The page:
|I want peasants own farms, workers own factories,
physicians own clinics, and everyone pay a 30% tax, and the
rest is theirs.|
Svyatoslav Fedorov, 1994
Born in 1927 in the city of Proskurov, Ukraine, Fedorov graduated from Rostov-on-Don Medical Institute in 1952. He is married and has two daughters.
In 1952-53 Dr. Fedorov practiced medicine in the Cossack village of Veshenskaya, Rostov region. In 1953-55 he was Chief of Ophthalmology Unit in Lysva City Hospital, Molotov (Perm) region. He then returned to Rostov-on-Don for postdoctoral studies. Since 1957, Dr. Fedorov headed the Clinical Department of Cheboksary branch of Helmholtz Ophthalmology Research Institute. There he performed the first artificial eye lens implantation in Russia in 1960. In 1960-1967, Svyatoslav Fedorov held the position of Head of the Ophthalmology Department of Arkhangelsk Medical Institute. After that, Fedorov moved to Moscow, where he became Chief of the Artificial Eye Lens Implantation Laboratory. His research involved design of artificial cornea implantation operations, early glaucoma surgery, treatment and correction of nearsightedness. In 1980, Svyatoslav Fedorov founded the Eye Microsurgery Institute that was renamed to the Eye Microsurgery Center in 1983. Fedorov is a correspondent member of the Russian Academy of Sciences, the Chairman of All-Russia Scientific Society of Ophthalmologists, and a member of several other scientific societies. He is a Paleolog Prize winner and a Pericles Prize winner. Fedorov received many government awards.
In 1989, Fedorov was elected to Congress of People's Deputies of the USSR, where he worked in the Commitee on Economic Reform. In 1991, Fedorov quit the Communist Party and joined the Democratic Party of Russia. In 1992, he switched to Konstantin Borovoi's Party of Economic Freedom only to make another attempt to find a perfect political niche a year later, in the Russian Movement for Democratic Reforms. In 1995, Svyatoslav Fedorov founded the Party of Workers' Self-Rule, the platform of which reflects his peculiar blend of views.
The Eye Microsurgery Center of Dr. Fedorov is presently a successful enterprise co-owned by its employees. A talented businessman and energetic administrator himself, Fedorov advocates the mass creation of joint stock companies to guarantee workers a share of profits and let them actively participate in management of their firms. He calls his concept "democratic capitalism" or "popular socialism" and stands for economic freedom, simple and moderate taxation, stimulation of production, and a ban on exports of most raw materials. He presents himself as a third force in Russian politics and has said he draws inspiration from former U.S. presidential candidate Ross Perot and China's paramount leader Deng Xiaoping.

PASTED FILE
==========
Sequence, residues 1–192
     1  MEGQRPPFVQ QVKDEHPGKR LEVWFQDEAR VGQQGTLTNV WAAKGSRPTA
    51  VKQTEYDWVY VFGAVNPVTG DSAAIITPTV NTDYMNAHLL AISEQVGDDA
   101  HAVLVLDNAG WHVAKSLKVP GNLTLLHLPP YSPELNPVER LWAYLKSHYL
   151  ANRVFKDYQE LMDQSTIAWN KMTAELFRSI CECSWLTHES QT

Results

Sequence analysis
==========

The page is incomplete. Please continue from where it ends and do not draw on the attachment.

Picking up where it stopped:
On September 2, 1995, speaking about the bloody war raging on Russia's outskirts in the Caucasus, Fedorov said, "The Chechnya conflict is nothing but a clash between Chechen elite and Russian elite wanting more tributors. We need a confederation, it isn't necessary to oppress anybody." He suggested replacement of the military action by a blockade of Chechnya and expressed hope that, after a few years, when Russian economy flourishes, Chechens "themselves will stand on their knees begging to let them join the economic union."
The Party of Worker's Self-Rule captured 3.98% of the party list vote in the 1995 parliamentary elections to finish eighth. Svyatoslav Fedorov was elected to the State Duma in a one-mandate district. He announced his decision to run for president on January 11, 1996.
Svyatoslav Fedorov was officially registered as candidate on April 19 (1,735,375 signatures of support were submitted to the Central Electoral Commission).
The abortive "third force" alliance of Grigory Yavlinsky, Alexander Lebed, and Svyatoslav Fedorov seemed to have suffered a fatal blow, when Fedorov said on May 8 that he will not withdraw his presidential candidacy. Earlier, he indicated he might step down for Yavlinsky or Lebed. Fedorov added that if Communist Party leader Gennady Zyuganov were elected president, he might be willing to accept the post of prime minister. (On May 6, after a meeting with Yeltsin, Lebed announced that he would not drop out of the race in favor of Yavlinsky).
Fedorov finished 6-th with 1.3% of the vote on June 16, so he is no longer in the race.